If you’re anything like me, winter means one thing—constantly being cold.
I wear layers of socks, I drag a portable heater from room to room in my house, and I use an electric blanket every night. I dislike frigid air rushing through open doors and the icy sting of cold steering wheels in the morning.
But truthfully, I’ve never known fear or anxiety at the prospect of winter. The season is an inconvenience . . . but nothing more.
In Nepal, this winter is more than a nuisance. It is life and death for thousands of families, and especially for the most vulnerable members of society—the young and the elderly. Almost one year ago, devastating earthquakes ripped through this country, wreaking unspeakable devastation and leaving more than 8,000 dead.
This winter, thousands of Nepali families will fight an almost impossible battle to stay warm in temporary shelters, while beneath piles of rubble—all that remain of their homes—winter clothing and all their earthly possessions remain buried.
Our village was totally destroyed by the earthquake and not a single house was safe. We had to leave our village for a place to stay, but it was really difficult because we had no chance to save anything from our house. We wanted to buy some warm clothes but it is really difficult because we don’t have any income source to support our family. During this hard time of trouble, I would like to give thanks to World Help for your care and concern that you provided warm blankets for us.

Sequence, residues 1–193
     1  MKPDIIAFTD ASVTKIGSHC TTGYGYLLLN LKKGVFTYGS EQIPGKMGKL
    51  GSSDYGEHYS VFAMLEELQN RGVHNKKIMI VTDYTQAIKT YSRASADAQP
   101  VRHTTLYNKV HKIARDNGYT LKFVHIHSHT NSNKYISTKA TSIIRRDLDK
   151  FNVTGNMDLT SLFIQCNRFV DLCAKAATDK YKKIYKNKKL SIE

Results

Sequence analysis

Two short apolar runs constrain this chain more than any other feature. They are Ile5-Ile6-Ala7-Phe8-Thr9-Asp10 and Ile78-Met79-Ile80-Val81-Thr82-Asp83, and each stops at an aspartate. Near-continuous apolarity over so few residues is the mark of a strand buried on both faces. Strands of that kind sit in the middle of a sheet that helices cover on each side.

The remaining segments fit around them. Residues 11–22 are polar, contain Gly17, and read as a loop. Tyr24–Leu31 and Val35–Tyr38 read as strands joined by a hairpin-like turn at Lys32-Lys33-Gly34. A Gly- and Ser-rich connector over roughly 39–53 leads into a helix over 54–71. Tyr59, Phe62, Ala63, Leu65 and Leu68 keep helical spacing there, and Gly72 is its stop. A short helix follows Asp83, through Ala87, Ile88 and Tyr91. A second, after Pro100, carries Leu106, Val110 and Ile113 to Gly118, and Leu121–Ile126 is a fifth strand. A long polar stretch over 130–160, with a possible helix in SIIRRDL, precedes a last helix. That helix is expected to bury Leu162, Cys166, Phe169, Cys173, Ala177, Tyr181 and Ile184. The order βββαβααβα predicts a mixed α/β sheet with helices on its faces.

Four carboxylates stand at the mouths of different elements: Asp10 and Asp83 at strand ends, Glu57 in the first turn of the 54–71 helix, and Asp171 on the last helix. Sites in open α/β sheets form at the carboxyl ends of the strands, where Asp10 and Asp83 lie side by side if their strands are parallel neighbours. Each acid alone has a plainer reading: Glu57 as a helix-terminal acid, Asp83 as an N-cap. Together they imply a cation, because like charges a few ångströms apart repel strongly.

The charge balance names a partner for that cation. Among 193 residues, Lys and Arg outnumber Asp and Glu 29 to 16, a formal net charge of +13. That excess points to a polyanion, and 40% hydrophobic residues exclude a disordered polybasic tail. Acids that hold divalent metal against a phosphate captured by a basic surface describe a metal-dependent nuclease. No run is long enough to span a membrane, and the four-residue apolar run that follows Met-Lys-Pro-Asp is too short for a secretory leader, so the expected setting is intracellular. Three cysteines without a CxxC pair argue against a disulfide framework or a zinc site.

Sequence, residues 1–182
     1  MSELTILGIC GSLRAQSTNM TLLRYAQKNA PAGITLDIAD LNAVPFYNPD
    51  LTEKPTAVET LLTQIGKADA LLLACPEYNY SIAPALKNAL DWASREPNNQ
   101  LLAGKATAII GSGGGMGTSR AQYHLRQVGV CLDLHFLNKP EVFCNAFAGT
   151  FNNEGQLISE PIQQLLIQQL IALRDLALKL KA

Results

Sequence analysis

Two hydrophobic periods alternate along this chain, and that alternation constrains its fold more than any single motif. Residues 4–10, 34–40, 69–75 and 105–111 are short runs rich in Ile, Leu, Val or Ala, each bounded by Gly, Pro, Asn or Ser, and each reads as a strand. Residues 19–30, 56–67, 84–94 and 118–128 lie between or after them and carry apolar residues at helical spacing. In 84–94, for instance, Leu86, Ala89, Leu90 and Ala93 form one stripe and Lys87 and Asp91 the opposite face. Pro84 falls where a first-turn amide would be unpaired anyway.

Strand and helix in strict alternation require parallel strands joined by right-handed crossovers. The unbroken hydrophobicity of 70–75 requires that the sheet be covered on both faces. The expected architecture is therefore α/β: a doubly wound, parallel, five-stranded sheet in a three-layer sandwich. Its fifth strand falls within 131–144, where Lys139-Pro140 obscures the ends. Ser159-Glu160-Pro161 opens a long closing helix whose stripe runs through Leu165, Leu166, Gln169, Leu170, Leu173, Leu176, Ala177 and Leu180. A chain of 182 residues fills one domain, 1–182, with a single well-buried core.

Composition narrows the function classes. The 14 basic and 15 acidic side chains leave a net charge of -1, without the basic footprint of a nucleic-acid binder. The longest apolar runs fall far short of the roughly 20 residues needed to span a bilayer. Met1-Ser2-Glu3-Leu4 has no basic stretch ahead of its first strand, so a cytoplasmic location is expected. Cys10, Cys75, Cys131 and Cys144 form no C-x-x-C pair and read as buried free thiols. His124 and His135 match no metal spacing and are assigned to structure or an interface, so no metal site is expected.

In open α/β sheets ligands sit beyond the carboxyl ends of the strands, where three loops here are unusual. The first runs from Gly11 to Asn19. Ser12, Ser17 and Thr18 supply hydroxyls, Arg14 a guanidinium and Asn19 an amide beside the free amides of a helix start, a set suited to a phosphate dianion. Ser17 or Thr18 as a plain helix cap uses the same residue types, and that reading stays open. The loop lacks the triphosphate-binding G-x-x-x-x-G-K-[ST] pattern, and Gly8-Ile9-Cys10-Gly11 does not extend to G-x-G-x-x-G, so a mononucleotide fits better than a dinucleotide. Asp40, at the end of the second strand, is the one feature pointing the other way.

–Puspa Tamang, Lalitpur district, Nepal
My family and I lost everything in the earthquake. I have been worried, because winter is coming and we don’t have enough blankets to keep us warm. Pastor Hanok came to my village and distributed warm, thick blankets provided by World Help and we are so glad. Now my family will be warmer this winter. Our children will be safe from pneumonia.
–Buddhiman Tamang, Dhading district, Nepal
There’s something comforting about a warm, soft blanket. Like an embrace from a loved one, it can bring feelings of safety and offer protection from the cold. This physical reminder of God’s love can go a long way in reducing exposure-related illness and fatalities.
The need is still great. Families desperately need to feel secure and confident that their children and elders will be safe through the nights ahead. And for a nation still struggling to regain its footing, this winter will test their endurance and capacity to hope for a better future.
Let’s not forget about Nepal as we continue to walk with them on the road to recovery. Our efforts are providing life-saving aid that will help bring sustainable growth—physical, social, and spiritual—for generations to come.
God is far from finished in this nation. The courageous, hard-working people of Nepal are worth our continued investment. Please continue partnering with us as we share a tangible example of hope this winter.